Morning duck billed platypodes! Some interesting facts about platypadillos – there is no universally accepted plural form, and saying platypi is a hatchet job of inappropriate Latin endings on Greek words. Also, Platypodes (the technically correct plural Greek form, according to Wikipedia) are one of the few venomous mammals. And here I thought that it was only looks they had in common with Lucy the hound!
Science lesson over, let’s get down to business. Spurred on by my love of lists and fascination with capsule wardrobes as WELL as Mr. Bug’s recently finished camel overcoat, I have been plotting a ‘classic style’ wardrobe checklist. You know. One trench, one cashmere sweater, one men’s white shirt… all that stuff. You DO know, don’t you? Something along these lines. I’ve always loved the simple, clean lines of white shirts and trench coats – a look I associate in my head with Jackie O, although image searches of her yield more dresses than simple trousers. In any case, as much as I love the idea of stocking up on classic wardrobe basics, a lot of the items generally included in ‘wardrobe basics’ lists are not that flattering on me – a white button up shirt? Holy tent-like if it fits in the bust area. Black sheath dress? I will resemble a sausage wrapped in a trash bag. So I’ve been toying with the idea of doing a ‘classic wardrobe,’ using super fine materials and seizing the opportunity to work on fit and finally get a great white button up shirt with a menswear vibe that fits me properly. And then I started to wonder – white shirt or cream?
Ah! Now, finally, to the point of my post. Flattering colors. Prior to making my own clothes, I was often at the mercy of a rather limited selection of clothing options – if I liked the way something fit, I’d often buy it even if I didn’t like the color that much. Now is the perfect time to finally figure out what colors look great on me! I was flipping through Me-Made-March photos and pulled these two pictures – on the left, I’m wearing a creamy white sweater. On the right, a bright white blouse. Notice anything?
Here’s what I noted – I look sort of corpse-like wearing the cream sweater. Yellowish skin and seemingly brown hair. Lately more than one person has informed me that I’m not a redhead. Apparently, my hair has faded as I’ve gotten older. I’d like to do as much as I can to hold on to that red appearance!
This morning I suited up to start my color research. I’m sure most of you are familiar with the Color Me Beautiful method of splitting people up into the different seasons based on their hair, complexion and eyes and suggesting the most flattering colors from there. I haven’t read that much about it, I just had a vague idea that I’m an autumn and should wear terra cotta, brown, olive green and NEVER wear bright white next to my face, only creamy whites. I even pitched a small fit to order my wedding dress in the ‘ivory’ color. I loved my dress, but never really thought it did much for my hair. In my wedding photos, my complexion can be somewhat discounted, as the nice girl from Bobbi Brown had me so plastered with makeup-that-wasn’t-noticeable that I’m surprised I could move my face. She eradicated all rosy tones from my normally rather pinkish face…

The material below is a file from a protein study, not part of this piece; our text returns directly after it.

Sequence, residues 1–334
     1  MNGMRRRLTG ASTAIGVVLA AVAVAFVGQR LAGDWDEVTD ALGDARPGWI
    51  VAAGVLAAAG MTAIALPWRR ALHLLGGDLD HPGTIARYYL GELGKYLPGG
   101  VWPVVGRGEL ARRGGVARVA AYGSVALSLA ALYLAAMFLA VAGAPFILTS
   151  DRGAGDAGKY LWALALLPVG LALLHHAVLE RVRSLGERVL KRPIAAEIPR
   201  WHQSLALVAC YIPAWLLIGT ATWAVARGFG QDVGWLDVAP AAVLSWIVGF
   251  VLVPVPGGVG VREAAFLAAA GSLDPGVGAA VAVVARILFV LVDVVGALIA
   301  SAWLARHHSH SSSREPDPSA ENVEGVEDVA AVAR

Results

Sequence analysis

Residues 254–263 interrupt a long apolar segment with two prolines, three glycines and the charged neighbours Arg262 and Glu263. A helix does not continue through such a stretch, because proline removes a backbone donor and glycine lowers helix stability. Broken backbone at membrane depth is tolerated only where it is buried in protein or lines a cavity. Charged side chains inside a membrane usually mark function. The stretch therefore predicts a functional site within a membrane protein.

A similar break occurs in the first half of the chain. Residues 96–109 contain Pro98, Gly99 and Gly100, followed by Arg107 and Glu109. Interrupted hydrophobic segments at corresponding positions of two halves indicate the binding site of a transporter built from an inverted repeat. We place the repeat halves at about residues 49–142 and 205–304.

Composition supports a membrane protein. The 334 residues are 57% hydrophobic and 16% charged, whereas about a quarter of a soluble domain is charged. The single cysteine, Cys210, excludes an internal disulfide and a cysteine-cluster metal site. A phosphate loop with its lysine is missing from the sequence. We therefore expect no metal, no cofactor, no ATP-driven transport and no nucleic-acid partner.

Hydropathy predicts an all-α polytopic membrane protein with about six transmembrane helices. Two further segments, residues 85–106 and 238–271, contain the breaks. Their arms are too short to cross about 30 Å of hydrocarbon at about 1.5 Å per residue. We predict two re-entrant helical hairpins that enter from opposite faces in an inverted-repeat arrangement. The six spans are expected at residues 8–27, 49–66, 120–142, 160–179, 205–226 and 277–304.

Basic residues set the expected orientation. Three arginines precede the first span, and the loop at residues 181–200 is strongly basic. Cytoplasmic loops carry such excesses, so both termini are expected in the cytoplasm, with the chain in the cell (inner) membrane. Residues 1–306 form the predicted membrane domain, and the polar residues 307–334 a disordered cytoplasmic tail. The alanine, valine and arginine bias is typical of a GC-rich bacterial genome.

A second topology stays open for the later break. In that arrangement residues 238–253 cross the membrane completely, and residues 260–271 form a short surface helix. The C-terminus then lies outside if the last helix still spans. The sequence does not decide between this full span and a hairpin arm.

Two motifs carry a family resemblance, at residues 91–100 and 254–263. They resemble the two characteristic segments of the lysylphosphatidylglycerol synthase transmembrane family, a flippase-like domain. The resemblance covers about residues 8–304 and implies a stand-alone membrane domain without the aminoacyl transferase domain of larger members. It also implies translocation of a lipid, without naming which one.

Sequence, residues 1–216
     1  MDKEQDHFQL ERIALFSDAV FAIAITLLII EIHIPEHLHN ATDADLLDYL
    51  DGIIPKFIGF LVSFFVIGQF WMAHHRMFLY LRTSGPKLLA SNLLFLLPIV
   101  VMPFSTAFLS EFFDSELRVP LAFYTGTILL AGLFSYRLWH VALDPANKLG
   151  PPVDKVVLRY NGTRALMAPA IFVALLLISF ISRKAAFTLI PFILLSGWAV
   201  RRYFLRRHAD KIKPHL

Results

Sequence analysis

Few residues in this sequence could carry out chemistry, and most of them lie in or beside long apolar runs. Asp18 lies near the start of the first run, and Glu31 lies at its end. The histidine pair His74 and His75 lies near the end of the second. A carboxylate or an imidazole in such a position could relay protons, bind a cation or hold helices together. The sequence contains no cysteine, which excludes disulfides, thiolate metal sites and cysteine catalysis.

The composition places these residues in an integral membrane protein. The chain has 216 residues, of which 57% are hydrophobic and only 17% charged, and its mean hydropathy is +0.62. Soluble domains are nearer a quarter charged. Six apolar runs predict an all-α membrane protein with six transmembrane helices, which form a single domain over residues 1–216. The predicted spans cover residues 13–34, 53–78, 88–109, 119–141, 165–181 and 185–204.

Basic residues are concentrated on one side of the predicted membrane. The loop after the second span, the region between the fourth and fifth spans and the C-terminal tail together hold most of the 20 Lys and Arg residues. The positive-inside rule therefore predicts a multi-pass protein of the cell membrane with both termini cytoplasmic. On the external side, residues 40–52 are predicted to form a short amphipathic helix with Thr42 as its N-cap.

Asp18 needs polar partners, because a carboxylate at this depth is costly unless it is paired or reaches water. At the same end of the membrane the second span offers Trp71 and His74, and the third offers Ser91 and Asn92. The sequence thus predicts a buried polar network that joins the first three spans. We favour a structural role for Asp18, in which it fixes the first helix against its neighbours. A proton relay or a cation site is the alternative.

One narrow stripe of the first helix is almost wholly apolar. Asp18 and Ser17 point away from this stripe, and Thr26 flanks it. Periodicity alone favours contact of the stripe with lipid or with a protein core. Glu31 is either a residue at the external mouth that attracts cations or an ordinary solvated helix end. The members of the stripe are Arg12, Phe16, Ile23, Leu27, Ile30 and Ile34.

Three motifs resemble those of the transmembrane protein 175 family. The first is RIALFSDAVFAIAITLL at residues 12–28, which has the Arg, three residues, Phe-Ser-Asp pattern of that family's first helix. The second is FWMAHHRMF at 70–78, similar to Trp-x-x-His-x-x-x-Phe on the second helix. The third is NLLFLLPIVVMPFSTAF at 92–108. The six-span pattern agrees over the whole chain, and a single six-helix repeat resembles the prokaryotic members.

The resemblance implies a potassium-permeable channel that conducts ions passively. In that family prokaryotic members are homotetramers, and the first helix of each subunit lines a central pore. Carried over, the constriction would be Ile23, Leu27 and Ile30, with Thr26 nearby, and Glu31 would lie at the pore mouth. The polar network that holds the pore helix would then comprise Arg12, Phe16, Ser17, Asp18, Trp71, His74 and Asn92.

Since I opened up the wedding folder, here’s a completely unrelated photo of my bridesmaids. Aren’t they adorable? I made my maid of honor’s dress – the black polka dots – and was almost ready to make her wear the ivory dress with the gaping neckline and let me have the polka dots. Also, note the ostrich feathers on the back of her heels. Sigh.
Back to colors. I aimlessly tried to adhere to the autumn color scheme for a lot of my 20’s, thinking that those were great colors for me. Plus, I really love rich fall colors! The thing is, I never loved the way my skin looked in some of my favorite colors. Today when I started reading up on color palettes, I saw where part of my problems were potentially located. While I certainly have red hair, which immediately puts me into the ‘warm’ seasons (spring and fall), I don’t really have the corresponding eye and skin tone. My eyes are blue-ish grey and my skin seems to me to have red undertones, not the gold and peach of the warm palettes. I raided my fabric stash and opened up the window to take some rather alarming photos of myself in natural light. First, white versus cream – supposedly the baseline test to check for warm versus cool complexions.
Gah! I have a sort of googly-eyed kooky look in a lot of these pictures! Also, I’m posting sans-lipstick. I hate seeing myself without lipstick and wear it even if I’m home with the platypus all day. But I’m partial to a particular shade of red with blue undertones that changes the game a bit. We’ll get to that.
I saw the same thing in these photos as the other ones. My hair looks more mousey with the cream silk (oooo… it’s charmeuse!) and my face looks yellowish, my eyes dull. Compare this to the white – my hair seems a bit more vibrant, eyes sparkly and complexion, while definitely looking more pink, in general looks a bit brighter. Thoughts? Anyone? Ok. Let’s move on to another neutral test: grey, black and brown.